Banks will happily charge you higher rates right away when you borrow from them but they won’t pay you right away when you deposit savings with them.

Eventually marketplace competition forces banks to pay depositors more when rivals increase rates on depositor savings accounts, but don’t hold your breath waiting for bigger monthly payouts.

If you have squirreled away some of your nest-egg in certificates of deposit (CDs), you will have a similar experience as to the one you have in your savings account – rates will generally rise over time but not by a lot.

>> Money Tip: Online banks with lower fixed costs generally pay higher CD rates than brick-and-mortar banks do.

How Does A Fed Rate Hike Affect My Credit Card Payments?

Credit card rates will almost certainly increase when a Fed rate hike takes place. The Fed controls the prime rate, which is the benchmark rate that credit card issuers use to set their rates.

Credit card companies will inform you when your credit card APR is due to increase, and typically provide you with about 6 weeks notice.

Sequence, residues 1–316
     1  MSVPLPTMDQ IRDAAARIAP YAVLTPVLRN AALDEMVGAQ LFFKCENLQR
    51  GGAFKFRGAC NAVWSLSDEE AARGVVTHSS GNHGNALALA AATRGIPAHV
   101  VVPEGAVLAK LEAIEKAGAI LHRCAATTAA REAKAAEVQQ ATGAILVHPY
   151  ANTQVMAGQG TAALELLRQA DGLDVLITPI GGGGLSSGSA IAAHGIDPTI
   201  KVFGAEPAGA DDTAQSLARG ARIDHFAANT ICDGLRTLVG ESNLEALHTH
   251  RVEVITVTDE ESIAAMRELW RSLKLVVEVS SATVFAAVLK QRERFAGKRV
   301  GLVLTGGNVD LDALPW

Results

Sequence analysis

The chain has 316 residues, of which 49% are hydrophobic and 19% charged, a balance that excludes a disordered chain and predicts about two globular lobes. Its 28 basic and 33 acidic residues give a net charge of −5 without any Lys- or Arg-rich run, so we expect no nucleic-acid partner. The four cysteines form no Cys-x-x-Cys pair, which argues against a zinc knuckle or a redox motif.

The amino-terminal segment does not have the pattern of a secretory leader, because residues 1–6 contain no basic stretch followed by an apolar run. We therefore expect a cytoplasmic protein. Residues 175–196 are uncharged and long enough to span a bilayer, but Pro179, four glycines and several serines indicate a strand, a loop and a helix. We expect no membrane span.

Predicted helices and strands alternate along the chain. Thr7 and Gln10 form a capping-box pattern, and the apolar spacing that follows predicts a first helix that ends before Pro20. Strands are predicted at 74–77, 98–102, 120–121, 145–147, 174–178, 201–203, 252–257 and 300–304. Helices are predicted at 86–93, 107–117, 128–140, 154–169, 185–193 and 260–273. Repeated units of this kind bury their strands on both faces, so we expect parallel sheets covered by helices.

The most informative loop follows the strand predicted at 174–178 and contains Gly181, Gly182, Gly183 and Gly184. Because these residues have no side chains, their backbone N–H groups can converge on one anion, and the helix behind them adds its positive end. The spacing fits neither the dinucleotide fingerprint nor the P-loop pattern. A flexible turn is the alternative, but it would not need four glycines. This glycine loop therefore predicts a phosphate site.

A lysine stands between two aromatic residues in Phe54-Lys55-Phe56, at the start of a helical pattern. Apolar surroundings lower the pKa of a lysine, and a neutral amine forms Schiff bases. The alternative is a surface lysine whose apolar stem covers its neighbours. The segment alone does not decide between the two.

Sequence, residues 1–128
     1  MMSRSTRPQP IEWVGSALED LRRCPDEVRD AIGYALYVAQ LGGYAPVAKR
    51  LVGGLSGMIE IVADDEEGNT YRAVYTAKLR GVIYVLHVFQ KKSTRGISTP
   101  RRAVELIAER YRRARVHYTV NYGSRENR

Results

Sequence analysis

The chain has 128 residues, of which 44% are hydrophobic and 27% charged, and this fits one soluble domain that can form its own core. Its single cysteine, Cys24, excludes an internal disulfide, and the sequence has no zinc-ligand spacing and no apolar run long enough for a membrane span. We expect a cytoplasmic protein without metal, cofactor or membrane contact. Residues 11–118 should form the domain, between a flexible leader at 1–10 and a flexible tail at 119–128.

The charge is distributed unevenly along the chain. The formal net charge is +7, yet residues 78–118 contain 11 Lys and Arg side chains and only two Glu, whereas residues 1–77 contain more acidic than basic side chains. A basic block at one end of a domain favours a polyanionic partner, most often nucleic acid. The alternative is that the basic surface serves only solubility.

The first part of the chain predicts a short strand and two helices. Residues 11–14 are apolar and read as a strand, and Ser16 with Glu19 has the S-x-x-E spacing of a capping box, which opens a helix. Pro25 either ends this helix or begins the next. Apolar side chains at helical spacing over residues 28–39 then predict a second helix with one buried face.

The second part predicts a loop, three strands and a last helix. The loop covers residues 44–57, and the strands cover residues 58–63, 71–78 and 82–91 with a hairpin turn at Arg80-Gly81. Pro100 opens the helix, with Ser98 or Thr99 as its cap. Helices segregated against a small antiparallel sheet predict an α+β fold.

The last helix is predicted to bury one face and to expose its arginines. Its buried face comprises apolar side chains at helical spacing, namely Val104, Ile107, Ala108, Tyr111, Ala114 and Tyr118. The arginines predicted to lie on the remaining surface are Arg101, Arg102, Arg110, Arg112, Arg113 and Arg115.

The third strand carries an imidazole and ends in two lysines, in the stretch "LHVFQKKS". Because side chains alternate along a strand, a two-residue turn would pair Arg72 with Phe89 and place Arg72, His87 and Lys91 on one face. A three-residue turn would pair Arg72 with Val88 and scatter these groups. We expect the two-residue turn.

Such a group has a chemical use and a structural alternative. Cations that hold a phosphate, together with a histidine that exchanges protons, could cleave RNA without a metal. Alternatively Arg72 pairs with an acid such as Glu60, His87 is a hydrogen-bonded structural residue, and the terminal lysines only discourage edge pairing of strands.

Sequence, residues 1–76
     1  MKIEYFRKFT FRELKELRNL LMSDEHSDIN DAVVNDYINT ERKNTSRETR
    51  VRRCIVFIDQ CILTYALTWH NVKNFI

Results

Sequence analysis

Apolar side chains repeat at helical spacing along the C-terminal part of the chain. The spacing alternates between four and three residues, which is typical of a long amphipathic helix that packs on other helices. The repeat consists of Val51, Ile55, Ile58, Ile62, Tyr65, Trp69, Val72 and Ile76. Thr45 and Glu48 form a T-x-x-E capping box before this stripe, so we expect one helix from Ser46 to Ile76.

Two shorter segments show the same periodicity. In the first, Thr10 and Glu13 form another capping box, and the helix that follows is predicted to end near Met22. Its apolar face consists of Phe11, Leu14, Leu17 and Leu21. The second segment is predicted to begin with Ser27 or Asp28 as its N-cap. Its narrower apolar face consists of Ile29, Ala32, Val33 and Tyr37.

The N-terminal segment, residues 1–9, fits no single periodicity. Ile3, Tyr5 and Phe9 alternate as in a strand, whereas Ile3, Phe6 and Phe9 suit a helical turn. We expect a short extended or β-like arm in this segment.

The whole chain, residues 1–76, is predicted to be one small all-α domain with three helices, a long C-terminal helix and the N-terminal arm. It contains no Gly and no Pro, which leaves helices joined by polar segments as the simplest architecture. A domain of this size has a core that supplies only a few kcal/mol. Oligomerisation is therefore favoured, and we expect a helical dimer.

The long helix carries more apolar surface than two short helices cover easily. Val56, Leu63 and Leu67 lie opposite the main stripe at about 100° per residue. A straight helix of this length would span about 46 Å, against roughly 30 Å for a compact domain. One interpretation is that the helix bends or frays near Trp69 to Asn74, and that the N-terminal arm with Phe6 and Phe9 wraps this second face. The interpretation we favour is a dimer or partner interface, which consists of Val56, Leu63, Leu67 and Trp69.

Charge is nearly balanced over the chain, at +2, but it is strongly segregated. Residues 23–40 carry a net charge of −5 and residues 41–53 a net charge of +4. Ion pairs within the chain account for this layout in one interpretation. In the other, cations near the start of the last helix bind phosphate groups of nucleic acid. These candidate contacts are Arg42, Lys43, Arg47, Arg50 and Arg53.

>> Watch out: Credit card debt can increase quickly because of the power of compounding interest, so where possible try to lower it by switching to a 0% interest credit card.

The business of charging interest on credit card debt is so lucrative that billionaire investors, such as Warren Buffett, hold shares in established credit card companies, including American Express.



As shareholders of credit card companies, they benefit from consumer repayments of credit card debt, and you can too.

If you own shares of companies like Visa or Mastercard in your investment portfolio, you get to stake a claim of ownership that enables you to benefit – as opposed to suffer from – interest rate hikes passed on to consumers.

While credit card companies are directly affected by rising interest rates, other companies, such as Facebook and Twitter, may only be indirectly affected.

If you are worried about holding shares in a company when a Fed rate hike is expected, you can look to protect your downside risk by hedging your portfolio with a married put options strategy.

Options trading platforms, such as TastyWorks and thinkorswim, make it easy to execute orders to buy married puts that protect stock you own. Plus, if you expect share prices will decline much further, you can even look to short stock.

Have you made any changes to your savings, investment or credit card accounts when interest rates changed? Share your financial tips with us below. We would love to hear from you.